• Usher, N. (2014). Making news at the New York Times. Ann Arbor, MI: The University of Michigan Press.
  • Paterson, C. & Domingo, D. (Eds.) (2008). Makin online news: The ethnography of new media production. New York: Peter Lang.
  • Lewis, S. C., & Westlund, O. (2015). Actors, actants, audiences, and activities in cross-media news work. Digital Journalism, 3(1), 19–37.
  • Gillespie, Tarleton, Pablo J. Boczkowski, and Kirsten A. Foot, eds. 2014. Media Technologies: Essays on Communication, Materiality, and Society. Cambridge, Massachusetts: The MIT Press.
  1. Media management

Key readings

  • Küng, L. (2008). Strategic management in the media. London: Sage Publications.
  • Küng, L. (2015). Innovators in digital news. London: I.B. Tauris.

 

Other readings

  • Maitlis, S. & Christianson, M. (2014). Sensemaking in organisations: Taking stock and moving forward. The Academy of Management Annals, 8(19): 57-125.
  • Teece, D. J., Pisano G., & Shuen A. (1997) Dynamic capabilities and strategic management. Strategic Management Journal, 18(7): 509-533.
  • Lischka J. A. (2015) How structural multi-platform newsroom features and innovative values alter journalistic cross-channel and cross-sectional working procedures. Journal of Media Business Studies, 12(1): 7-28.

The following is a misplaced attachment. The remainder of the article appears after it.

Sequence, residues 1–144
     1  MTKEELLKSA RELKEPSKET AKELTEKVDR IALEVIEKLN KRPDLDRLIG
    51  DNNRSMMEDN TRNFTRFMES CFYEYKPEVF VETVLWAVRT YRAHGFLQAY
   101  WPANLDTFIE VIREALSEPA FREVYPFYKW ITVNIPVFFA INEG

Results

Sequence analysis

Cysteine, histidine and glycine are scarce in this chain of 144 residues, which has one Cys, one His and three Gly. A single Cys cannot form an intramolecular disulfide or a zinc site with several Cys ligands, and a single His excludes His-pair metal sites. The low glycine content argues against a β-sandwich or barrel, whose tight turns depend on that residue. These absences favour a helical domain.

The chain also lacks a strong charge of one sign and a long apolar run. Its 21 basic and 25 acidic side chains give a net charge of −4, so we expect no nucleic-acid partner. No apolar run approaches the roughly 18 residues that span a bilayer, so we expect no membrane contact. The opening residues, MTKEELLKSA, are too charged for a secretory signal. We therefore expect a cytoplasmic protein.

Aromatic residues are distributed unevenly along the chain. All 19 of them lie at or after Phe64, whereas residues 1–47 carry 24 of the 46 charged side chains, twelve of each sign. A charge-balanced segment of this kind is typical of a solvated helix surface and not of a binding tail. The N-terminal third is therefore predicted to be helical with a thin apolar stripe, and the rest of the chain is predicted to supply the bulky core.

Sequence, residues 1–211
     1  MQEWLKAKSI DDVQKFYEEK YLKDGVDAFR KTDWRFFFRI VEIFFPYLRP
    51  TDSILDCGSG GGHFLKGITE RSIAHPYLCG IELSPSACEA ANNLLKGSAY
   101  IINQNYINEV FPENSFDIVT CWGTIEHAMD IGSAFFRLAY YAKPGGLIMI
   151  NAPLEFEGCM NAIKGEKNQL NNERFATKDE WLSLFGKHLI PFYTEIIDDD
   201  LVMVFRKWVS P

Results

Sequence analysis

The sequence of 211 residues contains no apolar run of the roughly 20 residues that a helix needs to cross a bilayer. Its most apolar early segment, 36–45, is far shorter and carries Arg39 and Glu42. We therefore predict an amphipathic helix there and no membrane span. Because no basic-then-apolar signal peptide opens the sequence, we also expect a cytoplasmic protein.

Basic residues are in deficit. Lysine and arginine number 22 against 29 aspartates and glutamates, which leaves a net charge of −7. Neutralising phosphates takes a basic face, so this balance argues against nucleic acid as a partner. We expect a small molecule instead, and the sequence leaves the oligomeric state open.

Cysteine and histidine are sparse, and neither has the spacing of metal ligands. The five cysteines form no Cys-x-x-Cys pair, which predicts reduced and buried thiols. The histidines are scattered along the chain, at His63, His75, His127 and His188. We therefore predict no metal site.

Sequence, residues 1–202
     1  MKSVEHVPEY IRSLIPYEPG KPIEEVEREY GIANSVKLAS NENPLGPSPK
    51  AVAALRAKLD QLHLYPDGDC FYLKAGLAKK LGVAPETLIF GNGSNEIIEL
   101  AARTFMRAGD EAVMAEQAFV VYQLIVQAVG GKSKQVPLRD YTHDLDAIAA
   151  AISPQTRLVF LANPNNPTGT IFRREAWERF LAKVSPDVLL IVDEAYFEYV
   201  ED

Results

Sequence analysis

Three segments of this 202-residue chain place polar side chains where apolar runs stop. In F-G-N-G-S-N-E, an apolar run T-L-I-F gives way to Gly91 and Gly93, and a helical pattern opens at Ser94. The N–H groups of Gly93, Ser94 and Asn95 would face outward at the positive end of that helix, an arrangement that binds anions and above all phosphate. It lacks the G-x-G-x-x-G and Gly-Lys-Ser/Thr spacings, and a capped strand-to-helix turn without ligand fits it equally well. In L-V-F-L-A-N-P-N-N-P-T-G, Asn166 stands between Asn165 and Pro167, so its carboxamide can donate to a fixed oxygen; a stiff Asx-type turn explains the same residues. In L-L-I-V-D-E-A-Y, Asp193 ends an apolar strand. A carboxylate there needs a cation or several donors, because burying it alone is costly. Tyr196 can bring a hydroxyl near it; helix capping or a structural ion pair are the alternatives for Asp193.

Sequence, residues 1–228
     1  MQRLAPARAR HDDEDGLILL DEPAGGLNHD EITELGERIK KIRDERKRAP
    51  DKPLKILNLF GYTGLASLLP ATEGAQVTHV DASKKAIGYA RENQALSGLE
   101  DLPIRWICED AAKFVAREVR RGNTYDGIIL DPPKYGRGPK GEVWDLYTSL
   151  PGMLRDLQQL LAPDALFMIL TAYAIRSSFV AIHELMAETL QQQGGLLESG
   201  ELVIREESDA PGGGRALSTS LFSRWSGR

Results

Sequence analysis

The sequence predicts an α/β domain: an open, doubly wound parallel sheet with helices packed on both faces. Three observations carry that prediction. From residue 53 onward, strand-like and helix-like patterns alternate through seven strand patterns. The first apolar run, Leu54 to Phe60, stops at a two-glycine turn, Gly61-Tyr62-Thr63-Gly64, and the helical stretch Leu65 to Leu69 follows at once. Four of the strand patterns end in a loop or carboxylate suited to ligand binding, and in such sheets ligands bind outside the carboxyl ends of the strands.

• Courtney, Hugh, Jane Kirkland, and Patrick Viguerie. 1997. ‘Strategy Under Uncertainty’. Harvard Business Review. November 1. https://hbr.org/1997/11/strategy-under-uncertainty.
  • Christensen, Clayton M., Michael E. Raynor, and Rory McDonald. 2015. ‘What Is Disruptive Innovation?’ Harvard Business Review. Accessed November 22. https://hbr.org/2015/12/what-is-disruptive-innovation.

Platforms and publishers – video

I’ve had the opportunity to present about the work Sarah Ganter and I have been doing on the relationship between platforms (large technology companies like Facebook and Google) and publishers (news media organizations) at a range of very different forums over the last month or so.

All over the world, search engines and social media are increasingly important for the distribution of news. In our research, we examine how news media have responded to this development, how they handle their relations with the new powerful digital intermediaries that they are simultaneously increasingly empowered by and dependent upon, and how these platform companies in turn handle their role in the wider news media ecosystem.

It’s been a pleasure and a privilege to discuss our work with very different groups of people–

  1. In November first at ECREA in Prague, where I was honored to give a keynote lecture, and had great questions from a range of people including Des Freedman and Nick Couldry.
  2. Later that month at AsCOR in Amsterdam, a very different crowd with Claes de Vreese, Natali Helberger, and their colleagues.
  3. Then in December at the PSA Media and Politics Group’s annual general conference, good discussion, especially with Andrew Chadwick and Cristian Vaccari